• It’s time for the picking on Tucker Poolman section of the IWTG. Poolman was part of the Canucks’ excellent penalty kill and didn’t have a bad game overall, but this is one of the worst icings I have ever seen and I’ve seen a lot of The Great British Baking Show when they try to ice a hot cake. Under minimal pressure, Poolman fires a puck that rings around the glass at about elbow height, impossible for anyone to tip.
  • Conor Garland has let it be known that he does not like the “Angry Little Elf” nickname, which is fair enough. Besides, judging from him expertly goading Nick Foligno into a penalty in the first period, he’s not an elf — he’s a troll.
  • Hamonic left the game after taking a hit from Brad Marchand, who got an interference penalty on the play. The injury didn’t seem to come from the impact of the hit, however, but rather how Hamonic landed on the ice after jumping to absorb the hit. Hamonic wasn’t putting any weight on his right leg as he struggled to the bench and went straight to the room. 
  • Boudreau had no update on Hamonic after the game.
  • The Canucks opened the scoring on the Marchand penalty. J.T. Miller sent a hard pass through Derek Forbort’s legs to Brock Boeser’s blade and he sent the puck ramping up into the top corner, which is worth 100 points in Skee-Ball. It’s his second goal in as many games under Boudreau.
  • “I don't actually remember too much from college,” said Boeser after the game. It wasn’t a non sequitur, he was asked about playing in the bumper position on the power play for the University of Minnesota. Still funny, though. 
  • Boeser’s goal was nice but his blind, backhand pass between the legs that set up a 2-on-0 for Miller and Podkolzin was sublime. Miller set up Podkolzin but the pass was a little too far ahead of him and Podkolzin couldn’t quite deke to his backhand to tuck it in. Would have been glorious.
  • You can file this under “Things You Love To See”: a good, old-fashioned reverse hit by Elias Pettersson. This is a good sign for Pettersson, who always seems to play better when he gets involved physically.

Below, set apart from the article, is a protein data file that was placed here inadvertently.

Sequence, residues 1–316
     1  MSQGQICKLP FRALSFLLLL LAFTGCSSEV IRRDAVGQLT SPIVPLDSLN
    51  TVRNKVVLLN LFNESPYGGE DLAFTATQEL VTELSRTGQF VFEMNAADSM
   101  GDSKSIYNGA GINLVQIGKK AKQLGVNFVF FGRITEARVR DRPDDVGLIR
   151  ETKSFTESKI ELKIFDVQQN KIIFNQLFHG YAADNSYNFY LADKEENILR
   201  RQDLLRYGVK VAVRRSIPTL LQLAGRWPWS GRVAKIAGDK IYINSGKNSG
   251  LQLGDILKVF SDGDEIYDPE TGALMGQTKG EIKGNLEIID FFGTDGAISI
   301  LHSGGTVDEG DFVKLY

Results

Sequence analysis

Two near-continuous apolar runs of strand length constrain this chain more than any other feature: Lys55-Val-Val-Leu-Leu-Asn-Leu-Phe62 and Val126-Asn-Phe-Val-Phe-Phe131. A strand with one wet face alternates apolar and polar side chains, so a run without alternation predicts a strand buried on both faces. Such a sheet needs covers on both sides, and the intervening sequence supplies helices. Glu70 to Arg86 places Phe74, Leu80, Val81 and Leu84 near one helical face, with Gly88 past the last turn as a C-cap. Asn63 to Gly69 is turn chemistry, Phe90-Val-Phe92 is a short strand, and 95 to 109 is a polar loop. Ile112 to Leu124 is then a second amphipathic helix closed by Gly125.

• Pettersson’s line with Garland and Podkolzin had some strong shifts in the offensive zone but I’m honestly not sure it’s the best fit for Pettersson long-term: both Garland and Podkolzin love to have their puck on their stick and work along the boards; Pettersson loves to have the puck on his stick and work in open ice. I like Garland and Podkolzin together but their style of game might not bring out the best in Pettersson.
  • Miller can be such a frustrating player at times. He’s passionate, driven, and tremendously talented but he can also be prone to taking too many risks in the defensive zone, trying to do too much with the puck, and some boneheaded decisions. His undisciplined goaltender interference penalty that put the Bruins on a 5-on-3 could have cost the Canucks the game.  
  • The Bruins made short work of the two-man advantage. Bo Horvat, who is a great faceoff man but not a great penalty killer, lost the faceoff to Patrice Bergeron and then could only watch as Bergeron tipped in a perfectly-placed slap pass from Pastrnak. 
  • The Canucks should have been given a chance to win the game on the power play with seven minutes left in the third period. Directly in front of a referee and away from the puck, Foligno crosschecked Pettersson from behind, sending him flying into the boards. I have no idea how this isn’t a crosscheck or interference or both. It’s an absolutely baffling non-call.
  • The Canucks got some quality chances in overtime, with Hughes and Tanner Pearson robbed by Swayman, who is a real player for the Bruins, I’ve discovered, and not the instructions that a hippy on a California beach gave me when I needed to relax: “Just sway, man.”
  • I apologize for that last joke. Those responsible have been sacked. 
  • Miller and Bo Horvat were both brilliant in the shootout to secure the win. Both skated wide to the left, but finished in very different ways: Miller went with the deke, cutting back to the forehand to tuck the puck in on a helpless Swayman before screaming his way back to the bench. Like Tim Thomas’s tires in 2011, Miller was pumped up.
  • Horvat went with the shot, putting the puck top corner with what appeared to be no release whatsoever. One moment the puck was on his stick, the next it was in the net. Swayman didn’t even move. It was like a magic trick or, as Gob Bluth would say, an illusion.